Vitamins and supplements – why choice and context are key

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  Posted by: Dental Design      16th July 2021

At the end of 2020, the vitamin and supplement market was set to reach nearly £500 million in the UK, a record rise in value of around 9% on the previous year.[i] The biggest rise was for vitamin D, which will come as no surprise, after it was repeatedly linked with the prevention and management of covid-19. Although some benefits from taking vitamin D are “to optimise musculoskeletal health”, the evidence in relation to the coronavirus remains “indirect and inconclusive” and last December, NICE, Public Health England and the Scientific Advisory Committee on Nutrition issued joint guidelines for healthcare practitioners on this matter.[ii],[iii] Current government advice suggests taking a vitamin D supplement between October and March, with different recommendations for groups that could be deficient all year round, also for babies and young children.[iv]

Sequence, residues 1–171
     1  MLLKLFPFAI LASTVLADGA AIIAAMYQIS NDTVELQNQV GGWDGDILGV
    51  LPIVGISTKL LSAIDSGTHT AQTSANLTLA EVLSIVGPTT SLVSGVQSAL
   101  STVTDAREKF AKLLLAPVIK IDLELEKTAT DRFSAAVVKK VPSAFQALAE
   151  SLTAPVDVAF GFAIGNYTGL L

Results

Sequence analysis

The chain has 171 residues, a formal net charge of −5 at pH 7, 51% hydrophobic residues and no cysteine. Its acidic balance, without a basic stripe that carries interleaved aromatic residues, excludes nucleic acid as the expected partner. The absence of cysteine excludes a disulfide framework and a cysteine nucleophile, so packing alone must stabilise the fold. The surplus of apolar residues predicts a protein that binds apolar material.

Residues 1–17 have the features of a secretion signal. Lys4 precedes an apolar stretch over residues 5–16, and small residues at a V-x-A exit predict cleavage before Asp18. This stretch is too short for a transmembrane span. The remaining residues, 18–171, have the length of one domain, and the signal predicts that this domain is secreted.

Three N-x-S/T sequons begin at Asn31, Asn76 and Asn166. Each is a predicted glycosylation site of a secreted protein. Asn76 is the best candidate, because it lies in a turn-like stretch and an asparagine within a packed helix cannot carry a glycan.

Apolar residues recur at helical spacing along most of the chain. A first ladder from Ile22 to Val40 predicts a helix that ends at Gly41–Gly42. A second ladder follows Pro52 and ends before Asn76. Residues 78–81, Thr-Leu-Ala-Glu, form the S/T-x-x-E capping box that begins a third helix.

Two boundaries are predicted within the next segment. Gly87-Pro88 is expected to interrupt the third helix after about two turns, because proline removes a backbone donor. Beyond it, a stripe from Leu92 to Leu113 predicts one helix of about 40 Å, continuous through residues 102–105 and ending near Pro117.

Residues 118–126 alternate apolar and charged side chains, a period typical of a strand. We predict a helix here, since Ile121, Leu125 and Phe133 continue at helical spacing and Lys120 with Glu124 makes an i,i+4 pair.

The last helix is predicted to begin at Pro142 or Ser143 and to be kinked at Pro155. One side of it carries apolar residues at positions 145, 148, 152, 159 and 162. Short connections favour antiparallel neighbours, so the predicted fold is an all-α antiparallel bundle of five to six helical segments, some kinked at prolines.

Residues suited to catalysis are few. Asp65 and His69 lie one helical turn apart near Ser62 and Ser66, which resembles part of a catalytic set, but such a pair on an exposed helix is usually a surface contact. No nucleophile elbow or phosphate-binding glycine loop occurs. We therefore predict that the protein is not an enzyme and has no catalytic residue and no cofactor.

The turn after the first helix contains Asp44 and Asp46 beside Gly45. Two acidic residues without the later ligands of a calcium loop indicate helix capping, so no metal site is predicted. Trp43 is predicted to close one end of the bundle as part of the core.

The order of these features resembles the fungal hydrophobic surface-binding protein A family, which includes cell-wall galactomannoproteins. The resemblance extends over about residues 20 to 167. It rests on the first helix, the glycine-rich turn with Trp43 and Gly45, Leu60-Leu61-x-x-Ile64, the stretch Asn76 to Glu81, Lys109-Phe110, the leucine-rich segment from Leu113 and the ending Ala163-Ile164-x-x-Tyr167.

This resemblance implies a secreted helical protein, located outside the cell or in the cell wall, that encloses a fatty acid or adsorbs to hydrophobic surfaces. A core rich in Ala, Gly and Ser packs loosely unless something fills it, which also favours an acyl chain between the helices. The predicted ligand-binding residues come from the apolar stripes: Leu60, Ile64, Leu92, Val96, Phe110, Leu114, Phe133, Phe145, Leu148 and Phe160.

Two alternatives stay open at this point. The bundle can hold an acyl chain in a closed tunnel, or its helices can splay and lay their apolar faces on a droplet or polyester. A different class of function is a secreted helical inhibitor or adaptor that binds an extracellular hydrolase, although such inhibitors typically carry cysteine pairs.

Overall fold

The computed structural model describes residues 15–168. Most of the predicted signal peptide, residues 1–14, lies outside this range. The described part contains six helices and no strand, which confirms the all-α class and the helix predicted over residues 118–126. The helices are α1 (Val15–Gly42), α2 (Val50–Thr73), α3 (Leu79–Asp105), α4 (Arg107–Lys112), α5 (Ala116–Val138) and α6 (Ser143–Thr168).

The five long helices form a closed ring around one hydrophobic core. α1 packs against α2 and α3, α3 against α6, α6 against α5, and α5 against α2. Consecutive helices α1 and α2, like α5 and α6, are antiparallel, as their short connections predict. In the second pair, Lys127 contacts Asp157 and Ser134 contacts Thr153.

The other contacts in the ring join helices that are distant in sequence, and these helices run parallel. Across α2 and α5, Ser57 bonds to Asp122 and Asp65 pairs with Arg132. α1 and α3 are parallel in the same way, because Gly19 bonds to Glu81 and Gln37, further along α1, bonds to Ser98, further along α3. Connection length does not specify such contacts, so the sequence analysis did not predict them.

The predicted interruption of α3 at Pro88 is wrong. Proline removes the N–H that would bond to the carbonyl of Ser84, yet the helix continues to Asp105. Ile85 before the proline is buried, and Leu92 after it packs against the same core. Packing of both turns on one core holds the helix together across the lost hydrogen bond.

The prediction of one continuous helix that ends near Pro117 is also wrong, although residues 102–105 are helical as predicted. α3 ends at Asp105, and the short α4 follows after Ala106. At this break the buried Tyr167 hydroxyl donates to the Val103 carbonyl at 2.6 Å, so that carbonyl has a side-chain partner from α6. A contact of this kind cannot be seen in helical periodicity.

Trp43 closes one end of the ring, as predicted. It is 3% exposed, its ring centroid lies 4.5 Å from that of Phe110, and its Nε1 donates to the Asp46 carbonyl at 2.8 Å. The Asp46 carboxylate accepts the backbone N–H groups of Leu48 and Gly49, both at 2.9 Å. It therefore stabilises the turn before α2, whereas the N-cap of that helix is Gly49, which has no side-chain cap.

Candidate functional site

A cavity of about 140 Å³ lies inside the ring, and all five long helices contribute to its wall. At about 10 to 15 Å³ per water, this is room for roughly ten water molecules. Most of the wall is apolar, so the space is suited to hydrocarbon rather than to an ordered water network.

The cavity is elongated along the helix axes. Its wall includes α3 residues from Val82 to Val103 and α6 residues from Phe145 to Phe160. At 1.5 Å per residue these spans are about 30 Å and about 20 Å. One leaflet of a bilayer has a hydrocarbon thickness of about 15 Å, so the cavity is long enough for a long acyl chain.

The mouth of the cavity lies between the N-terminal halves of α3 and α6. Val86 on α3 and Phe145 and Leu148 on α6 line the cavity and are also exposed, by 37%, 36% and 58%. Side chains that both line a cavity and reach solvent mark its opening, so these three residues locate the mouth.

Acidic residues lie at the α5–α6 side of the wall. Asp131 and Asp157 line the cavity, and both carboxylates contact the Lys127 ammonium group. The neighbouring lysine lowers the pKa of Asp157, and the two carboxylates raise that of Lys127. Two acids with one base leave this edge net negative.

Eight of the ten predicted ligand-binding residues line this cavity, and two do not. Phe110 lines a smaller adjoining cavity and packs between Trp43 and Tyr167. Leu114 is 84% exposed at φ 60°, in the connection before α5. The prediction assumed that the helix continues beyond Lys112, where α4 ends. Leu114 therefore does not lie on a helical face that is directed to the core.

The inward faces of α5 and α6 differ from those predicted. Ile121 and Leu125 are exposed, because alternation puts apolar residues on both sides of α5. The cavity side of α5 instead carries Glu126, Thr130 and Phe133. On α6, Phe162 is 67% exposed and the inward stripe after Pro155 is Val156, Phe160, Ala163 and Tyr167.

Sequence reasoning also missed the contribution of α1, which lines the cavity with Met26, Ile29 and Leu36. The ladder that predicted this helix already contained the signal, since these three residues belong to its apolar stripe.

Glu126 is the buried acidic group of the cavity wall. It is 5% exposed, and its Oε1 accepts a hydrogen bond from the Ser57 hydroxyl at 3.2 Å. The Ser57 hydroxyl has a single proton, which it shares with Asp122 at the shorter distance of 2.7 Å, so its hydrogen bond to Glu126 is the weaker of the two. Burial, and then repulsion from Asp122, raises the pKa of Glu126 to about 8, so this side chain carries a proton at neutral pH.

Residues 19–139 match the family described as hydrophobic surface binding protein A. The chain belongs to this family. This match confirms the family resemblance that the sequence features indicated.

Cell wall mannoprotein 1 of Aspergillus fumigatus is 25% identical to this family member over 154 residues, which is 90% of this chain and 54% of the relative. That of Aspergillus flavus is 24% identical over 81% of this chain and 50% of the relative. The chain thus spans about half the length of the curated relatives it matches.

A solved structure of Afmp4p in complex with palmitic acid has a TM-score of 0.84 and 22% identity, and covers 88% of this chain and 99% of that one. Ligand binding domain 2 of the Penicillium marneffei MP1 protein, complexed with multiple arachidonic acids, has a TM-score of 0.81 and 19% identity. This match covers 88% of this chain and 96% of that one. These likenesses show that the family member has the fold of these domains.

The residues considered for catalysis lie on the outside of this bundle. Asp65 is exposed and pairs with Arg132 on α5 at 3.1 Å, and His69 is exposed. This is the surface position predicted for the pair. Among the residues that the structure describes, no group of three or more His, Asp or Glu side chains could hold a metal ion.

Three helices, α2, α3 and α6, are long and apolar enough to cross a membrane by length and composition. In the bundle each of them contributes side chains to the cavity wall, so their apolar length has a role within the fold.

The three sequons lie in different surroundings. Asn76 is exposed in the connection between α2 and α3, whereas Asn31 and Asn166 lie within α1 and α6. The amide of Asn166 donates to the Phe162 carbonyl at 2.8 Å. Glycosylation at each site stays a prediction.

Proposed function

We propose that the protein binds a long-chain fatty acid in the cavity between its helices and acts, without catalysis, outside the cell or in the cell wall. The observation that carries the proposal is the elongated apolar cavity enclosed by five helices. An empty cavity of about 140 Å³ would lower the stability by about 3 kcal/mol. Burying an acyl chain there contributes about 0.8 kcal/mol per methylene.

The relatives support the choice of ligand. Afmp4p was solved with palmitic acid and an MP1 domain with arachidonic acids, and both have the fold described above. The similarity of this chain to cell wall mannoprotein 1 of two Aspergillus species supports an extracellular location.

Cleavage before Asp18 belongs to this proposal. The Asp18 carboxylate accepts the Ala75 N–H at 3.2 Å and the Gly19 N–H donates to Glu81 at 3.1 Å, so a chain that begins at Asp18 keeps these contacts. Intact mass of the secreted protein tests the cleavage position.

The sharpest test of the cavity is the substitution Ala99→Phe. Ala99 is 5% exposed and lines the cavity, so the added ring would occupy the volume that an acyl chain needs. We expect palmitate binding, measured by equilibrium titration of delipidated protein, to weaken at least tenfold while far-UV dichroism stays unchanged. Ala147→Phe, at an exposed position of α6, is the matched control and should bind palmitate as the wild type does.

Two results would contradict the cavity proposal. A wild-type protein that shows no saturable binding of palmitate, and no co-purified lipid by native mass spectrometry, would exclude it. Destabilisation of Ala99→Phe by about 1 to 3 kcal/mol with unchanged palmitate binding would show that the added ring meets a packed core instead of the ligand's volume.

The issue of choice

The vitamin D question aside, people are choosing to spend more money on protecting their health. But, if eating a healthy balanced diet, aside from certain exceptions, do most people need them? The answer is usually no from a clinical point of view and, if taken incorrectly and not according to the manufacturer’s instructions, some vitamins and supplements might even be harmful. [v] Also, as the body can’t store water-soluble vitamins such as B and C, any excess, as well as any money spent on these products, will end up down the toilet, literally.[vi]